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J Mol Cell Cardiol. 2009 Jun;46(6):910-8. doi: 10.1016/j.yjmcc.2009.02.014. Epub 2009 Feb 26.

Impaired insulin signaling accelerates cardiac mitochondrial dysfunction after myocardial infarction.

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Division of Endocrinology Metabolism and Diabetes, Program in Molecular Medicine, University of Utah School of Medicine, Salt Lake City, UT 84112, USA.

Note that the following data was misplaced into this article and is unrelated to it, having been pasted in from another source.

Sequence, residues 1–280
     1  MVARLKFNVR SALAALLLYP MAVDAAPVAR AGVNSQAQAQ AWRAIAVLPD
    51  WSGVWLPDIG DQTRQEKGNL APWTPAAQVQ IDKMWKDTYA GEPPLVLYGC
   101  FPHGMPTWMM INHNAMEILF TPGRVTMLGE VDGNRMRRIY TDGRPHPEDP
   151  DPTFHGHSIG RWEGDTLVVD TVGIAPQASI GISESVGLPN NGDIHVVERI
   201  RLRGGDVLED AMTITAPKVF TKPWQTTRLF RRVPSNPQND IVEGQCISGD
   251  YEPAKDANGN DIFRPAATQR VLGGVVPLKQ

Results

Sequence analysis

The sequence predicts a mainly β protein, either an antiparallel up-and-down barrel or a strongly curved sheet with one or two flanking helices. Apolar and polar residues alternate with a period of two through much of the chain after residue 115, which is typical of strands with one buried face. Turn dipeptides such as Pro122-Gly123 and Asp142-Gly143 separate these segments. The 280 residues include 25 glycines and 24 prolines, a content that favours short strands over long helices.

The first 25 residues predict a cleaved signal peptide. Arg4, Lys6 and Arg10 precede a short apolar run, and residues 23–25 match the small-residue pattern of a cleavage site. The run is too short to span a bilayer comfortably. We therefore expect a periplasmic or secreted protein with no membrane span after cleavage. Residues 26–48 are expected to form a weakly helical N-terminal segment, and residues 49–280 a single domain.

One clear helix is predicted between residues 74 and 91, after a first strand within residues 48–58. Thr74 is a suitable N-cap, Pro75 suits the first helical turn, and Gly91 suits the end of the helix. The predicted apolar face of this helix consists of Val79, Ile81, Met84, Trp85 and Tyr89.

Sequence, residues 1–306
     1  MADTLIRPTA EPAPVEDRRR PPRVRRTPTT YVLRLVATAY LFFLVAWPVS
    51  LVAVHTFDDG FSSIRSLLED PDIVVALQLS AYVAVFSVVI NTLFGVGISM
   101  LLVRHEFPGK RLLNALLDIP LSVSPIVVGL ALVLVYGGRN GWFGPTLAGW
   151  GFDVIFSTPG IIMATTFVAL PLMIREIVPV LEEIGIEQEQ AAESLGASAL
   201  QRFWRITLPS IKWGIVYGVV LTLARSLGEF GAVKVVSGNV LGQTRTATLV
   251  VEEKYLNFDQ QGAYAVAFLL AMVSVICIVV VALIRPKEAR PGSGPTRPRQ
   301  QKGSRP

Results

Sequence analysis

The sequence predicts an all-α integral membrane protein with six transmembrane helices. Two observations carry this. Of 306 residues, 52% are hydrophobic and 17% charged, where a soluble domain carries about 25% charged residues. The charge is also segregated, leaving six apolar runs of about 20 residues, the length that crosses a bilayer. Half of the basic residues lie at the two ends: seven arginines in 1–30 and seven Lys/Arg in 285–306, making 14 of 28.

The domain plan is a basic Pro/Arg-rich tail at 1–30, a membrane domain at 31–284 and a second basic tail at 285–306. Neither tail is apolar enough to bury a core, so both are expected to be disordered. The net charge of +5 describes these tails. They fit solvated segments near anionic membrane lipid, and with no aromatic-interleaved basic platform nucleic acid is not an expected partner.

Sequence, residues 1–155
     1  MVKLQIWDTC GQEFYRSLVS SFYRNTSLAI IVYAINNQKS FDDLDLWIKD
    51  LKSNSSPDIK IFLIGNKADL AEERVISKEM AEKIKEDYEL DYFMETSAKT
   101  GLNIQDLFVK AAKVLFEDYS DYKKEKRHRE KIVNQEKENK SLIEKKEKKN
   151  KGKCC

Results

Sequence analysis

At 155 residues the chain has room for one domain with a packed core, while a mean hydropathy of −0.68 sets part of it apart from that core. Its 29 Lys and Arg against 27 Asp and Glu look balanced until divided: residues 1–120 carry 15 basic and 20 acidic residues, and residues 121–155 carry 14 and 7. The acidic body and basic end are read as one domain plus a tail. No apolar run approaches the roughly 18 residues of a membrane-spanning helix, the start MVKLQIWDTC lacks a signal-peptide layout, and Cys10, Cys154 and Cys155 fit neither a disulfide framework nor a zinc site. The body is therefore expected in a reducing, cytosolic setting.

Diabetes increases mortality and accelerates left ventricular (LV) dysfunction following myocardial infarction (MI). This study sought to determine the impact of impaired myocardial insulin signaling, in the absence of diabetes, on the development of LV dysfunction following MI. Mice with cardiomyocyte-restricted knock out of the insulin receptor (CIRKO) and wildtype (WT) mice were subjected to proximal left coronary artery ligation (MI) and followed for 14 days. Despite equivalent infarct size, mortality was increased in CIRKO-MI vs. WT-MI mice (68% vs. 40%, respectively). In surviving mice, LV ejection fraction and dP/dt were reduced by >40% in CIRKO-MI vs. WT-MI. Relative to shams, isometric developed tension in LV papillary muscles increased in WT-MI but not in CIRKO-MI. Time to peak tension and relaxation times were prolonged in CIRKO-MI vs. WT-MI suggesting impaired, load-independent myocardial contractile function. To elucidate mechanisms for impaired LV contractility, mitochondrial function was examined in permeabilized cardiac fibers. Whereas maximal ADP-stimulated mitochondrial O(2) consumption rates (V(ADP)) with palmitoyl carnitine were unchanged in WT-MI mice relative to sham-operated animals, V(ADP) was significantly reduced in CIRKO-MI (13.17+/-0.94 vs. 9.14+/-0.88 nmol O(2)/min/mgdw, p<0.05). Relative to WT-MI, expression levels of GLUT4, PPAR-alpha, SERCA2, and the FA-Oxidation genes MCAD, LCAD, CPT2 and the electron transfer flavoprotein ETFDH were repressed in CIRKO-MI. Thus reduced insulin action in cardiac myocytes accelerates post-MI LV dysfunction, due in part to a rapid decline in mitochondrial FA oxidative capacity, which combined with limited glucose transport capacity that may reduce substrate utilization and availability.

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